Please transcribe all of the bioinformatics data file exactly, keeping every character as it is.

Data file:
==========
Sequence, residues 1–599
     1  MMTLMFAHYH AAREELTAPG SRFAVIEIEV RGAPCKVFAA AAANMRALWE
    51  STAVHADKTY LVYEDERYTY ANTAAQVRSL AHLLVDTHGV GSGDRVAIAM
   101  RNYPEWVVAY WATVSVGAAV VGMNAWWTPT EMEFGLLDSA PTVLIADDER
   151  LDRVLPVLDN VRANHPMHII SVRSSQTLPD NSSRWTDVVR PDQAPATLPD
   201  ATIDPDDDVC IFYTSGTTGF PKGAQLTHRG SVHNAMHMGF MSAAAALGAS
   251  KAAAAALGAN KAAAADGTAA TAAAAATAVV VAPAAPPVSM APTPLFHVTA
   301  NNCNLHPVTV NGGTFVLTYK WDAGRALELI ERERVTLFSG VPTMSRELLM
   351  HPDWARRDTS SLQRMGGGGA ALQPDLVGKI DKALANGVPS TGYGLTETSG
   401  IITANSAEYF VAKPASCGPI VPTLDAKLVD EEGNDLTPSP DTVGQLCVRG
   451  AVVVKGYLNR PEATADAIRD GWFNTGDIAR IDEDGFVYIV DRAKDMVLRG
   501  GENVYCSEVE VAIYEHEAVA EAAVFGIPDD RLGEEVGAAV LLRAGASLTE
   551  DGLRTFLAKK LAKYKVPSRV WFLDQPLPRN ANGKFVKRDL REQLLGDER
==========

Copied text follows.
Sequence, residues 1–599
     1  MMTLMFAHYH AAREELTAPG SRFAVIEIEV RGAPCKVFAA AAANMRALWE
    51  STAVHADKTY LVYEDERYTY ANTAAQVRSL AHLLVDTHGV GSGDRVAIAM
   101  RNYPEWVVAY WATVSVGAAV VGMNAWWTPT EMEFGLLDSA PTVLIADDER
   151  LDRVLPVLDN VRANHPMHII SVRSSQTLPD NSSRWTDVVR PDQAPATLPD
   201  ATIDPDDDVC IFYTSGTTGF PKGAQLTHRG SVHNAMHMGF MSAAAALGAS
   251  KAAAAALGAN KAAAADGTAA TAAAAATAVV VAPAAPPVSM APTPLFHVTA
   301  NNCNLHPVTV NGGTFVLTYK WDAGRALELI ERERVTLFSG VPTMSRELLM
   351  HPDWARRDTS SLQRMGGGGA ALQPDLVGKI DKALANGVPS TGYGLTETSG
   401  IITANSAEYF VAKPASCGPI VPTLDAKLVD EEGNDLTPSP DTVGQLCVRG
   451  AVVVKGYLNR PEATADAIRD GWFNTGDIAR IDEDGFVYIV DRAKDMVLRG
   501  GENVYCSEVE VAIYEHEAVA EAAVFGIPDD RLGEEVGAAV LLRAGASLTE
   551  DGLRTFLAKK LAKYKVPSRV WFLDQPLPRN ANGKFVKRDL REQLLGDER